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David Simmons calls Senate health plan ‘a path to Medicaid extinction’

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State Sen. David Simmons on Tuesday sent a memo to Florida lawmakers along with an opinion column he wrote for the Orlando Sentinel calling the Senate’s proposal to expand health care a “path to Medicaid extinction.”

In his memo, Simmons said there are “many misconceptions about the Senate’s healthcare plan,” and attached his op-ed piece that was published May 10.

The first four paragraphs of the op-ed describe a parade of horribles that beset the Medicaid program. It is based on the “fatally flawed premise” that once a person earns too much they lose their benefits and, Simmons said, provides no continuity in coverage and insufficient payments to physicians to induce them to treat patients.

Simmons also takes a swipe at the Low Income Pool, saying the program rewards “lack of responsibility” by giving billions of dollars to Florida to distribute directly to safety-net hospitals to cover their losses.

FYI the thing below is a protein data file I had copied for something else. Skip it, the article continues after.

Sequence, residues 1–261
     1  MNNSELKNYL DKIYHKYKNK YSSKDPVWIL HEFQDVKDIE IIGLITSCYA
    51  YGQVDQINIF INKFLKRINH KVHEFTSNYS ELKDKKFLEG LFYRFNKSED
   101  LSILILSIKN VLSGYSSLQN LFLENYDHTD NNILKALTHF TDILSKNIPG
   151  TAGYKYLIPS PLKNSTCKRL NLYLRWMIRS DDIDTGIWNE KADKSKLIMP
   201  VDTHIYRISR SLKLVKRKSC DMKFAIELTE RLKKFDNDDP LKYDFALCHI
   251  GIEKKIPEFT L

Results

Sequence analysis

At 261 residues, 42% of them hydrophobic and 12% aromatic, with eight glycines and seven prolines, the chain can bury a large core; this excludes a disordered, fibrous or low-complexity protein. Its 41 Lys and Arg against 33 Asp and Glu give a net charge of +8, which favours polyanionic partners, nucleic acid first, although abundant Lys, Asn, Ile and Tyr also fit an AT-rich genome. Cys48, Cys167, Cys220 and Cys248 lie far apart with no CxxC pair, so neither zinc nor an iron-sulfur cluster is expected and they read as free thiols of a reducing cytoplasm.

“So these LIP funds are equally as tainted as the traditional Medicaid monies,” Simmons writes.

“There has to be a better way than this — and there is,” he said, explaining the Senate’s proposal to increase availability of Medicaid to 138 percent of the federal poverty level as allowable under federal law and require the beneficiaries to have a job, to actively be seeking a job, to be getting an education or to be in job training, all of which would require waivers from the Centers for Medicare and Medicaid Services.

“Critics of the Senate plan have erroneously claimed the Senate plan is an expansion of Medicaid. The Senate plan is actually a path to Medicaid extinction,” he wrote.

Simmons said demanding the LIP dollars but refusing to take other Medicaid dollars that would help end the cycle of dependency on welfare and Medicaid is illogical. And while asking for a Medicaid block grant “is a step in the right direction,” the state “still must have a plan to remove these people from government assistance and help make them become full participants in the American dream.

“Sometimes just saying “no” is not a solution. Our governor and the Florida Legislature owe Floridians a plan to get us out of a broken system that, if we simply do nothing, will balloon to 4 million people by 2018.”

 

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